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Moving from Blood Typing to DNA


 

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From Blood To Hair

As we begin a new century, DNA testing is about to replace blood typing for almost all horse breed registries. DNA testing has a number of advantages over blood typing. For the standard test of 12 DNA systems most commonly used today, the probability of detecting an incorrect parentage is 99.99%. Efficacy is based upon the variability of the systems tested (reflected in the number of variants at the tested systems and the frequency of the variants).

The higher the variability of the systems tested, the greater the ability to detect an incorrect parentage. DNA systems used for equine parentage testing have greater variation than blood typing systems. This is partly because the DNA systems tested are non-coding DNA. That means that they are not part of genes that actually have a function, thus they are free to accumulate mutations which are the source of variability.

Blood typing is based upon testing proteins, which are gene products. Variation causing mutations are much less common in functional genes and their products because mutations usually result in proteins with diminished function.

Another advantage of DNA is that only one laboratory procedure is required for testing, while several different procedures are required for typing the different blood typing systems. Simplification of testing will help to prevent cost increases.

Also, DNA can be obtained from almost any bodily tissue. The easiest tissue for horse owners to collect is pulled hair with the follicle (or root bulb) attached. It is the follicle, not the hair shaft, that has the DNA. Hair samples can be mailed to the laboratory with little chance of spoilage, as can happen with blood.

With these advantages it may seem surprising that many registries did not change to DNA typing sooner. The primary reason is related to DNA testing technology. The methods developed in the early 1990s utilize genetic markers called microsatellites. Microsatellites are highly variable and fairly easy to test using an electrophoresis-based technology.

An alternative technique is to use a marker type known as a single nucleotide polymorphism (SNP). SNPs are not as informative individually as microsatellites so more must be tested to obtain the same efficacy, but they could be tested using a microchip technology.

The microchip technology offers several advantages to the electrophoresis-based technology, but it is not yet available for horse parentage testing while microsatellite techniques are well-established. Those registries that have not changed to DNA testing have chosen to accept the existing technology rather than wait an unspecified time for a new technology.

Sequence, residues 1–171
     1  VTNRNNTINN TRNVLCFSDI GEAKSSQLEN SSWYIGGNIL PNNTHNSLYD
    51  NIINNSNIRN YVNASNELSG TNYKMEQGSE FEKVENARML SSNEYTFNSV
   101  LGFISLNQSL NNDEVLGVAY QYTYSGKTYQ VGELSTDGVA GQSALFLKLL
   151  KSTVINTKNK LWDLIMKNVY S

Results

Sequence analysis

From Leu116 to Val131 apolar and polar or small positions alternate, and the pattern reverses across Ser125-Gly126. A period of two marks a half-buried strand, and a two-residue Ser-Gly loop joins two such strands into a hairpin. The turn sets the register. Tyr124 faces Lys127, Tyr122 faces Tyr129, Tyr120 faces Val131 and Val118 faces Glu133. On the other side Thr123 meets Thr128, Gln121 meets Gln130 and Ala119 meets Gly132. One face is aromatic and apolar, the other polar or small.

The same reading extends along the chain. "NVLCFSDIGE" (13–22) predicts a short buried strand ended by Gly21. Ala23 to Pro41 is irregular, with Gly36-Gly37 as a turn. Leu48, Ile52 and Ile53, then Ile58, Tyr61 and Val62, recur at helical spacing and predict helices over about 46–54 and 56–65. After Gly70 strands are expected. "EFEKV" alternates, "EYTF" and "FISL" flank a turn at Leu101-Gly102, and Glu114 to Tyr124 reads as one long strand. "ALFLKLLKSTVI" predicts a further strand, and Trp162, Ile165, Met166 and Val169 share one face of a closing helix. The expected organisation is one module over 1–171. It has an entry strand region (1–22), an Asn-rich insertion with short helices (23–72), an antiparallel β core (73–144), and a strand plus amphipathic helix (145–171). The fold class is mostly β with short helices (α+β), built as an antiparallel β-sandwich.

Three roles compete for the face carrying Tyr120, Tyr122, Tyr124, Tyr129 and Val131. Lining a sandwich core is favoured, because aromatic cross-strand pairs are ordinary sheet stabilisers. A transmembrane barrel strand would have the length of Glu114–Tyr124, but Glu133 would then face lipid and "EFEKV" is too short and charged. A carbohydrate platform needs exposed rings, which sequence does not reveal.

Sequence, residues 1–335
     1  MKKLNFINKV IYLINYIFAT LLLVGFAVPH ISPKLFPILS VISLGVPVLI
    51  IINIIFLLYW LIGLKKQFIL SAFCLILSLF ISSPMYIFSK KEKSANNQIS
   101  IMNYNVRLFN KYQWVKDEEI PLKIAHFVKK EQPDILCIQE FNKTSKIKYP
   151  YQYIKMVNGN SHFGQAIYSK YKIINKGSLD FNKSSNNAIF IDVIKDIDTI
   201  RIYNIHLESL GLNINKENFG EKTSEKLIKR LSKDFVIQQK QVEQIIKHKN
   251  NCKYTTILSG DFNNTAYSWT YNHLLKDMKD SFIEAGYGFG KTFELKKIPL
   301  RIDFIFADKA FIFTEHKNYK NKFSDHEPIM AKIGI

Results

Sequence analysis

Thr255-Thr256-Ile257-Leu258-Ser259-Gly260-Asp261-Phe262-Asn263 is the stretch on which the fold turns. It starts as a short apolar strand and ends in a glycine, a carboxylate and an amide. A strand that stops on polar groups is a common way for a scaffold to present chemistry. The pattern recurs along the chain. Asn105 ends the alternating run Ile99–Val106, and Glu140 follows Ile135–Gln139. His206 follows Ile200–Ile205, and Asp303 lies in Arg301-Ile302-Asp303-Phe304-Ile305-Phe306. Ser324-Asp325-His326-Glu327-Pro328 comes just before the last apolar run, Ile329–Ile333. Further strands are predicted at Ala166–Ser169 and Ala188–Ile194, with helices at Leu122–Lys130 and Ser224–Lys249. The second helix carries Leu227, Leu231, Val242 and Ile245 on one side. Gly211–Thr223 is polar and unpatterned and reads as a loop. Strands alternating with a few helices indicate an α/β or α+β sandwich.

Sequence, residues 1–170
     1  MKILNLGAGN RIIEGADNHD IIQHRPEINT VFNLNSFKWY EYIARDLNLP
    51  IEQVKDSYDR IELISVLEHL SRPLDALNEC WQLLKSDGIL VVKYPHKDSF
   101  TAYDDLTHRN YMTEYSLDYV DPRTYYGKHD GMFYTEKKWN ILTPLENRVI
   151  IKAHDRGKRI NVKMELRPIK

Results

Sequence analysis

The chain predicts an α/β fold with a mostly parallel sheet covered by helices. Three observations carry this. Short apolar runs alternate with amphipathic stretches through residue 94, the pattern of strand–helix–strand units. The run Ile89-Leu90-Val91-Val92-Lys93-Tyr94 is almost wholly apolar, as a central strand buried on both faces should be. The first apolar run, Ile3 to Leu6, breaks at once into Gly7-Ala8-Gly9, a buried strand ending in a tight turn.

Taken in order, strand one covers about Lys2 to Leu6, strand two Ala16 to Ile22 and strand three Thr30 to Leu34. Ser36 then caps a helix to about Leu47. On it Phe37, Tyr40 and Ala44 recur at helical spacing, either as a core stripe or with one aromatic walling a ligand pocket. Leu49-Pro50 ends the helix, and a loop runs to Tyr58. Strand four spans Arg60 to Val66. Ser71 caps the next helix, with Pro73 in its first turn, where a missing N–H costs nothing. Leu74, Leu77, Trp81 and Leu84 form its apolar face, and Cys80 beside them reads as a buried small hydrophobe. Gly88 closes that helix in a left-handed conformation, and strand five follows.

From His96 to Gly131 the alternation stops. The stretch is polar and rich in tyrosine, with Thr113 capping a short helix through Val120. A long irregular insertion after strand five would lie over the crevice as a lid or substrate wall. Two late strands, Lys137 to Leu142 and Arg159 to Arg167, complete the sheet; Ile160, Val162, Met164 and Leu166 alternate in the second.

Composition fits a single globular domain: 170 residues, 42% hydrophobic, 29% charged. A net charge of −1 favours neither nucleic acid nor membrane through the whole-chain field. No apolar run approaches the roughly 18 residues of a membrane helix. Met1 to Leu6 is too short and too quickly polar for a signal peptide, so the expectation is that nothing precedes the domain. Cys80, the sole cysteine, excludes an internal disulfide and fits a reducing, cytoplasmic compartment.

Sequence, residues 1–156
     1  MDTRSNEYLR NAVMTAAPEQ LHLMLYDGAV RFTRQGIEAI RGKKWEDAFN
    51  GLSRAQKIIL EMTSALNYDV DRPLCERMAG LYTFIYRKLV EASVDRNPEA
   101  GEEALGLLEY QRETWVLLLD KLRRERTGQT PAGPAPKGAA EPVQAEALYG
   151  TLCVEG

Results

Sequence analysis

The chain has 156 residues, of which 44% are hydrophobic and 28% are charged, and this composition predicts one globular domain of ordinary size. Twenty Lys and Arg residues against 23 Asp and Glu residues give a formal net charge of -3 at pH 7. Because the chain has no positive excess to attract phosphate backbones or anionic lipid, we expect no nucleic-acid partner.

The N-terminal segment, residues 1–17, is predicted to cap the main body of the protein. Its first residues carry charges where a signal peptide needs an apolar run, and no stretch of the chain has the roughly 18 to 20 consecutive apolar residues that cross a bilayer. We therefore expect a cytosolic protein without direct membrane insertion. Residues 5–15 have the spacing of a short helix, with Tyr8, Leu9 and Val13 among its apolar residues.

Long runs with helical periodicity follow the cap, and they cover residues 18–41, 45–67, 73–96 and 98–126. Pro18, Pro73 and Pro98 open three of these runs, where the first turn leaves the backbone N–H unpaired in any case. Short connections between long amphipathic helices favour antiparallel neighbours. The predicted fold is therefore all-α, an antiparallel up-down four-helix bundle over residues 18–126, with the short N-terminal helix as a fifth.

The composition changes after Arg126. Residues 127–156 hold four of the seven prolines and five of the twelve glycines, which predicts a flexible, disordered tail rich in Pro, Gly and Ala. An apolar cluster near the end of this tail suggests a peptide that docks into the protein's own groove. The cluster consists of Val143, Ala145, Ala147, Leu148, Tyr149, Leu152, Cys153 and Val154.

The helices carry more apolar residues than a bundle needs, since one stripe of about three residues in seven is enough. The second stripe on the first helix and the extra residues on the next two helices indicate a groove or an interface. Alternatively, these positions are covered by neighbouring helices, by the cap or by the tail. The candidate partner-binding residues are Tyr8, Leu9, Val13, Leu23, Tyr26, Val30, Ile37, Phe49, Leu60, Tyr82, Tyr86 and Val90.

Another issue is that DNA testing involves a different set of gene markers than does blood typing. This means that all blood-typed horses involved in a parentage case must be DNA typed, which is a considerable expense for registries that have a major investment in blood typing. In the long term, there should be enough cost saving resulting from DNA testing to offset the cost of re-testing the breeding stock.

The re-testing issue also influences which DNA technology to use. SNP markers are different from microsatellite markers and if there is a decision to change from microsatellites to SNPs for horse parentage testing, the breeding stock will need to be re-tested again. The costs and advantages of an SNPs-based test will determine if this is a viable alternative.

DNA-based parentage testing of horses has arrived. The Jockey Club plans to have the 2001 foal crop DNA typed and most horse breed registries will be using DNA rather than blood typing within the next two years.

Blood typing has served the industry well and there are still aspects of blood typing that may continue to be used (such as testing related to neonatal isoerythrolysis). However the future of equine parentage verification is in DNA and the integration of genomic science into the horse industry.

CONTACT
Dr. E. Gus Cothran, (859) 257-3337, gcothran@pop.uky.edu
Equine Bloodtyping and Research Laboratory
 

Article appeared in the Equine Disease Quarterly - University of Kentucky, College of Agriculture, Department of Veterinary Science: April 2000 Issue; Volume 8, Number 3

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